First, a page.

OSBA Council of Delegates to consider proposal

The Ohio State Bar Association Council of Delegates Screening Committee will meet April 11, 2014, at 10 a.m. at OSBA Headquarters in Columbus to consider the reports and recommendations of committees and sections that had been submitted for consideration by the Council of Delegates. The full Council of Delegates will meet April 30, 2014, at 1:30 p.m. at the Hyatt Regency Hotel in Columbus in conjunction with the OSBA Annual Convention.

Report of the Estate Planning, Trust and Probate Law Section
To the Council of Delegates:
The Estate Planning, Trust and Probate Law (“EPTPL”) Section hereby respectfully requests your favorable consideration of a legislative proposal.  That proposal, the substance and rationale for which is described in further detail below, may be summarized as follows:
To add ORC section 5802.04 so as to clarify and confirm when the terms of a trust may direct that the trustee and/or beneficiaries must settle disputes by arbitration.
            Respectfully submitted,
            John D. Clark, Arbitration Sub-Committee, Chair
            Michael Cooney, Chair of EPTPL

Proposed statute
R. C. 5802.04 Arbitration of trust disputes.—
(A) A provision in the terms of a trust, excluding a testamentary trust, requiring the arbitration of disputes, other than disputes of the validity of all or a part of a trust, between or among the beneficiaries and a fiduciary under the trust, or any combination of such persons or entities, is enforceable.

(B) Unless otherwise specified in the terms of the trust, a trust provision requiring arbitration shall be presumed to require binding arbitration under Ohio Revised Code Chapter 2711.

Summary and rationale for proposal:
Ohio courts have applied a presumption favoring arbitration when the claim in dispute falls within the scope of the arbitration provision. See, e.g., Williams v. Aetna Fin. Co., 83 Ohio St.3d 464, 470. Arbitration agreements are generally favored in the law as a less costly and more efficient method of settling disputes. Vanyo v. Clear Channel Worldwide, 156 Ohio App.3d 706 (8th Dist. 2004), citing Gerig v. Kahn, 95 Ohio St.3d 478 (2002); Kelm v. Kelm, 92 Ohio St.3d 223 (2001). Nevertheless, the courts have reiterated that because arbitration is a matter of contract, a court should not compel a party to arbitrate a dispute that he has not agreed to arbitrate. Shumaker v. Saks, Inc., Cuyahoga App. No. 86098, 2005-Ohio-4391, citing Teramar Corp. v. Rodier Corp., 40 Ohio App.3d 39 (1987); ABM Farms v. Woods, 81 Ohio St.3d 498 (1998).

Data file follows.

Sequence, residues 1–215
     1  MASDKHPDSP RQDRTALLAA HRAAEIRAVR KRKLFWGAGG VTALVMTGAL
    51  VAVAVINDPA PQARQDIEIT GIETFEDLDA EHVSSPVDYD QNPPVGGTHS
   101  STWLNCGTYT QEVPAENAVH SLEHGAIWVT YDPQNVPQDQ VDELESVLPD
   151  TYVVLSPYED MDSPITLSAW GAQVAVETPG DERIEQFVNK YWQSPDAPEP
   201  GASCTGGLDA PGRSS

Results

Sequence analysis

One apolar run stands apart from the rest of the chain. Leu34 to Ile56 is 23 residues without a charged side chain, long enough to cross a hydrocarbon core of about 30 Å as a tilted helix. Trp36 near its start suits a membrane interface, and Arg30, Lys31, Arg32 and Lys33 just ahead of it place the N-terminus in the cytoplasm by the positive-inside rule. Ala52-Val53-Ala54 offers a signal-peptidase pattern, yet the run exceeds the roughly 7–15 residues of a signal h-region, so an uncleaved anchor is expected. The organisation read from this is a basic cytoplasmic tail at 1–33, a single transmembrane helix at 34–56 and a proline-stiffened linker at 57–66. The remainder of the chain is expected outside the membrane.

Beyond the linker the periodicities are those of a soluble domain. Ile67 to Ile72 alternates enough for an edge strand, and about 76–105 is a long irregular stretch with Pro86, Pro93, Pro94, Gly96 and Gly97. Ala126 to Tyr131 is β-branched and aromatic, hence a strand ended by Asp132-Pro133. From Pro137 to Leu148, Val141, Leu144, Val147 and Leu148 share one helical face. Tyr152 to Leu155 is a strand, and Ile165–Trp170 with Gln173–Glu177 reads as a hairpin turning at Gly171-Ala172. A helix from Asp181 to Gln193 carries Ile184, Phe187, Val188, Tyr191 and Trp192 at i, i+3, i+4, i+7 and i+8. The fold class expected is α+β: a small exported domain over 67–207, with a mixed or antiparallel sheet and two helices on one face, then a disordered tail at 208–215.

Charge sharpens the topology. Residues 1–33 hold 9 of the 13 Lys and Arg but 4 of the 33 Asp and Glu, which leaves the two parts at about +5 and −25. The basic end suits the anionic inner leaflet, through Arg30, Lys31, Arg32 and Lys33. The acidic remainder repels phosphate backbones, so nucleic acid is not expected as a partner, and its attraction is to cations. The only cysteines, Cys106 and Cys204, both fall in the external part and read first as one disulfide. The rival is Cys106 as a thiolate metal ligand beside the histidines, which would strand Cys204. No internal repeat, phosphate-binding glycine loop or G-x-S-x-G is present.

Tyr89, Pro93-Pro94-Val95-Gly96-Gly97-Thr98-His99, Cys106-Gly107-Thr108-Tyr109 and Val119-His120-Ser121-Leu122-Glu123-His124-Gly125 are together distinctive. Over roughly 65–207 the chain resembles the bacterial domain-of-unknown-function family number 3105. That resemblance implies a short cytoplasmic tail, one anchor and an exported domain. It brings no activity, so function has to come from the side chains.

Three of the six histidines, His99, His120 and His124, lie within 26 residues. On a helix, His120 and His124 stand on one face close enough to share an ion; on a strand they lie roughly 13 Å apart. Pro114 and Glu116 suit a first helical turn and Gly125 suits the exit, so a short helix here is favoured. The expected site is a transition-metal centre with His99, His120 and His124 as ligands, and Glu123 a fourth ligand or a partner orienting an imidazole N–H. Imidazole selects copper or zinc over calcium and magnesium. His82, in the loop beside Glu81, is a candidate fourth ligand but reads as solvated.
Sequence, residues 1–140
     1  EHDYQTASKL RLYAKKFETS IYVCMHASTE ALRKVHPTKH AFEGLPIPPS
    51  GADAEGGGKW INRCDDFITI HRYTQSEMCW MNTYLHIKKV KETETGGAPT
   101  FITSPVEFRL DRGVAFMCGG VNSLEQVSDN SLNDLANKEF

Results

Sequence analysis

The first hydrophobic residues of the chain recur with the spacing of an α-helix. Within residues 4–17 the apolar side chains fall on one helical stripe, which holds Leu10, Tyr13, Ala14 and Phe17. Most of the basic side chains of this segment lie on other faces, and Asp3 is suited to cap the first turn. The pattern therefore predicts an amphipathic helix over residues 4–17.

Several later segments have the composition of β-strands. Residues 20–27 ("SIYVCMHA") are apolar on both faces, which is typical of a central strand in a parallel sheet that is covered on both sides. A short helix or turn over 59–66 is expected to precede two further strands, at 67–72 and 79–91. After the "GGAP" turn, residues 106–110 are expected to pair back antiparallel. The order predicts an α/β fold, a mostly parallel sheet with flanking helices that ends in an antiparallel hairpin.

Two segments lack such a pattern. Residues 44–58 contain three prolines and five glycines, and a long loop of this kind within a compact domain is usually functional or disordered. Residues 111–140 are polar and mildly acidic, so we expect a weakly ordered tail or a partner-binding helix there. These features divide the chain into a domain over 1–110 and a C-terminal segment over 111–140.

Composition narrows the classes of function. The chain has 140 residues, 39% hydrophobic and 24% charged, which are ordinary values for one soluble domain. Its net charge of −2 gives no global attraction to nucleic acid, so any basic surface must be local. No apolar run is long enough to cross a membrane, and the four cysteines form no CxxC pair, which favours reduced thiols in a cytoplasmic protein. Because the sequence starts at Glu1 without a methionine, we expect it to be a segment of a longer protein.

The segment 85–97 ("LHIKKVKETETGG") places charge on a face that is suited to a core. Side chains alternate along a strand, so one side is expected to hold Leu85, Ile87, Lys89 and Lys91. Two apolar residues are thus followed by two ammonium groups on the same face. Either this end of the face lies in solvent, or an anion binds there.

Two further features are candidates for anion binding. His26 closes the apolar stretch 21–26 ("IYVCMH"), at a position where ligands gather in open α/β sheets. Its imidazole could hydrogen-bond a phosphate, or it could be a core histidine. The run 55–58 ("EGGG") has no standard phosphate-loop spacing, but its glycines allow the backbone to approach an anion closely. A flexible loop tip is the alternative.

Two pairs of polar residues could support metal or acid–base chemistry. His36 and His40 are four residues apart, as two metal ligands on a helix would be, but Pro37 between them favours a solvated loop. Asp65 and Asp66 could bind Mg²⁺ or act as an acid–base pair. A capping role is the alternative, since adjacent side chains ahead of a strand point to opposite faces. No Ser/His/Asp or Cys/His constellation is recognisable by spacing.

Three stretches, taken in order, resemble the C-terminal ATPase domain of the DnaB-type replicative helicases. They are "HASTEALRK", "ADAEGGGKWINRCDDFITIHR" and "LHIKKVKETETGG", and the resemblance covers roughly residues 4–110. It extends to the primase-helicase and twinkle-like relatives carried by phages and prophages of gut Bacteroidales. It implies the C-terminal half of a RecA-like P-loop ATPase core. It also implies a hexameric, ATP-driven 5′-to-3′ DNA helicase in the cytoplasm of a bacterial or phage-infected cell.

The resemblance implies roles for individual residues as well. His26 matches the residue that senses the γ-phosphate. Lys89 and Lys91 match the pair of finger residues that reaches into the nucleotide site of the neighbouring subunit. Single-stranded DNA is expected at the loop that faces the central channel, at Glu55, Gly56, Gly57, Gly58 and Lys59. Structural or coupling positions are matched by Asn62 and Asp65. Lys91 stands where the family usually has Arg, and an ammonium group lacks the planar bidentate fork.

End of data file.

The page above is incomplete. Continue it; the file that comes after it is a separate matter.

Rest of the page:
Courts in several states have found ways to deny a trust settlor's intent of mandating arbitration of disputes despite clear language in the document - citing that a trust is not a contract; and thus, beneficiaries cannot be bound to the arbitration provision included in the trust.

In response to those court decisions, Florida and Arizona each passed legislation to uphold the requirement of arbitration in a will or trust. In an effort to remain consistent with those states, the proposed Ohio law does not permit alternative dispute resolution provisions to apply when determining the validity of the instrument itself. The law would apply only to disputes involving administration among trustees and beneficiaries.

Currently, ORC Section 5801.10(H) provides that if a Private Settlement Agreement contains a provision requiring binding arbitration of any disputes arising under the agreement, then that arbitration provision is enforceable.

However, the OSBA Section on Estate Planning, Trust and Probate Law determined that arbitration for disputes involving wills and testamentary trusts should not be required. Rather, those disputes should be before the probate court, which should retain jurisdiction. Because inter vivos trusts do not require administration before the court, the settlor of such trust should be permitted to determine the method of alternative dispute resolution in the terms of the trust itself, in order for greater confidentiality and efficiency. A fundamental tenant of trust law allows a trust settlor to put terms and conditions on how and when a beneficiary inherits; including the existence of a no contest clause, which if violated could remove such beneficiary. Consequently, a trust provision in which the trust settlor requires a beneficiary to arbitrate disputes regarding administration, and not validity of the trust itself, should be viewed as a condition precedent to the beneficiary accepting assets from the trust.



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